Sudan: Peace Deals Collapsing


April 6, 2006: The peace deal with the southern rebels is falling apart. The government is not honoring key aspects of the deal, especially those involving integrating rebels into the army, and hiring, and paying, southerners to perform government jobs. While the rebels have disarmed, the government has not. A resumption of the civil war would begin with a lot of death and destruction in the south.

April 5, 2006: African Union (AU) peacekeepers serving in Sudan's Darfur region are being investigated for corruption and sexual abuse (charges similar to those faced by UN peacekeepers in the Congo). The AU mission in Sudan is conducting the investigation.

As a result of much diplomatic pressure, the government has relented and allowed UN representative Jan Egeland access to Sudan and Darfur.

April 4, 2006: The first contingents of Chinese peacekeepers began arriving in south Sudan. The Chinese troops will serve with the UN peacekeeping mission in south Sudan. By the end of May, 400 Chinese troops will deploy with the force.

Fourteen months after the helicopter crash which killed SPLA leader John Garang, the Sudan government concluded a "final report" on the incident. Though the document has not been released, government sources said the most likely cause was "pilot error." The helicopter carrying Garang crashed into a mountain near the Uganda-Sudan border.

Peace talks with rebels in eastern Sudan have gone nowhere, and the government has been arresting leaders of the eastern rebel groups. Fighting could restart soon.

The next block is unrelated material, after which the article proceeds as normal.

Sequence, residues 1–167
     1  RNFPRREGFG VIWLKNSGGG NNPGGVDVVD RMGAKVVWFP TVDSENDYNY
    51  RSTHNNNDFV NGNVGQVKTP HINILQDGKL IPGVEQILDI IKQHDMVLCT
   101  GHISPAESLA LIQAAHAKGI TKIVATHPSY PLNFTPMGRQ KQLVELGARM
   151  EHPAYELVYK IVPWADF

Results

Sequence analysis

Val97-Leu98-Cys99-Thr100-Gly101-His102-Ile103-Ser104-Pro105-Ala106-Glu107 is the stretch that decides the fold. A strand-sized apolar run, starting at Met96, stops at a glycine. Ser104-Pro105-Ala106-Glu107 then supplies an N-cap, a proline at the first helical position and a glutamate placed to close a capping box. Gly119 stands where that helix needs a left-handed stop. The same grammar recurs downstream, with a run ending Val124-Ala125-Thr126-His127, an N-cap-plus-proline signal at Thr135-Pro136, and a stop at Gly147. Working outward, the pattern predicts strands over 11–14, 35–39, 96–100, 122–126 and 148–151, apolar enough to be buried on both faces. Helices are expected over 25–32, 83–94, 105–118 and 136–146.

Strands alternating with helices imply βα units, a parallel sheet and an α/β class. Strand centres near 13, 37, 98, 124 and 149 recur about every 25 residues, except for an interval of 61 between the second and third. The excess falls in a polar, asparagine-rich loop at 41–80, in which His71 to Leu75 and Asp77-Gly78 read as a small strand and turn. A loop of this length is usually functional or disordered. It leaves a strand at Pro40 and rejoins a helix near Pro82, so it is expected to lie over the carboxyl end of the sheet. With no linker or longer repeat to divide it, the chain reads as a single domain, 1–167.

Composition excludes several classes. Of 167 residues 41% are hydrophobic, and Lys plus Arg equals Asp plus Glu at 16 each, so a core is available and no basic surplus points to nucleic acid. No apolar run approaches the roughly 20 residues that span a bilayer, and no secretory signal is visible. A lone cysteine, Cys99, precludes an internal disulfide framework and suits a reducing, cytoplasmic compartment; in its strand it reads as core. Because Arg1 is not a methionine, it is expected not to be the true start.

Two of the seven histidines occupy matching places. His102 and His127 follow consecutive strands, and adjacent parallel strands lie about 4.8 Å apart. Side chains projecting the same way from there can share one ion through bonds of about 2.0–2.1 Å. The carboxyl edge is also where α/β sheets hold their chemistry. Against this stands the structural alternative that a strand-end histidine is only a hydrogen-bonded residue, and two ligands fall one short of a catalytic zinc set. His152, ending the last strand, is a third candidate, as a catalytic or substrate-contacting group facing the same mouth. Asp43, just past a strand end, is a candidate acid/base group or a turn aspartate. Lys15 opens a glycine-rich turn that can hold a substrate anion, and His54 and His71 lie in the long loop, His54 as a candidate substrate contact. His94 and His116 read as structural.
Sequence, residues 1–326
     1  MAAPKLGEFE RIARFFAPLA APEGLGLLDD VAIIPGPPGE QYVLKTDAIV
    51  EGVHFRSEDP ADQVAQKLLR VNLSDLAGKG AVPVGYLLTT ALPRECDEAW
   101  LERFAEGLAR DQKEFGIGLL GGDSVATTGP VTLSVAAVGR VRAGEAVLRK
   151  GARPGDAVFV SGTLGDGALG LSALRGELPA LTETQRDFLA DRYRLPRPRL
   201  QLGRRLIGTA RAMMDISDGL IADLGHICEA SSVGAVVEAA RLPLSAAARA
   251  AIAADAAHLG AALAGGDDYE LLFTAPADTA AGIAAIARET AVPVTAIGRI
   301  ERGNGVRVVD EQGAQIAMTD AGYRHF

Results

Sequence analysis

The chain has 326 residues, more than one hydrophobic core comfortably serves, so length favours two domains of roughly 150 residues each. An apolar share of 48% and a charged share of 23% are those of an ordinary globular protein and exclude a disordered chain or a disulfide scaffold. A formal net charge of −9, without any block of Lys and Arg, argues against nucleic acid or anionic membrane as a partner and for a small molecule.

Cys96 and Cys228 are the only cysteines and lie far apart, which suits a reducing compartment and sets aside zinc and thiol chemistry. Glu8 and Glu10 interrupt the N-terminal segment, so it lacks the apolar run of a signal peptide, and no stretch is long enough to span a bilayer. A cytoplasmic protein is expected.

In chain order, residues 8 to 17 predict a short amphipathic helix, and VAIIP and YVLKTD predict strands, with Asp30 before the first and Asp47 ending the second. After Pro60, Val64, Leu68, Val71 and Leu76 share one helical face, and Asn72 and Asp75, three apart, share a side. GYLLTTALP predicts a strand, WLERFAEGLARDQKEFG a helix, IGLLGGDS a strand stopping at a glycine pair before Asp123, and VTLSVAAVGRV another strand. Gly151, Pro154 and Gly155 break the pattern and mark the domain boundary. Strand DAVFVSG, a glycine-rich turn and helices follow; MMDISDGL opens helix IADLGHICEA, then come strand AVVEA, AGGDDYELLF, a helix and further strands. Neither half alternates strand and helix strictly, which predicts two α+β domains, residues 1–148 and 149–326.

April 3, 2006: Some 6300 troops are now serving with the UN peacekeeping force in south Sudan.

The UN is not happy with Sudan's decision, yesterday, to deny UN representative Jan Egeland access to Sudan and Darfur. The government objects to the UN proposal that the UN take control of the Darfur peacekeeping operation. The African Union has proved to be incapable of stopping the war in Darfur -- which is fine with the Sudanese government. The UN, however, intends to deploy at least two Western European battalion-sized task forces and sufficient aviation assets to halt the attacks by the Sudanese-backed Islamist militias.

March 30, 2006: Chadian government forces skirmished with these Chadian rebels along the Sudan-Chad border south of the town of Adre. The government claimed the rebels were supported by Sudan. UN and western sources estimate that up to 8000 Chadian rebels are now in Sudan's Darfur region.




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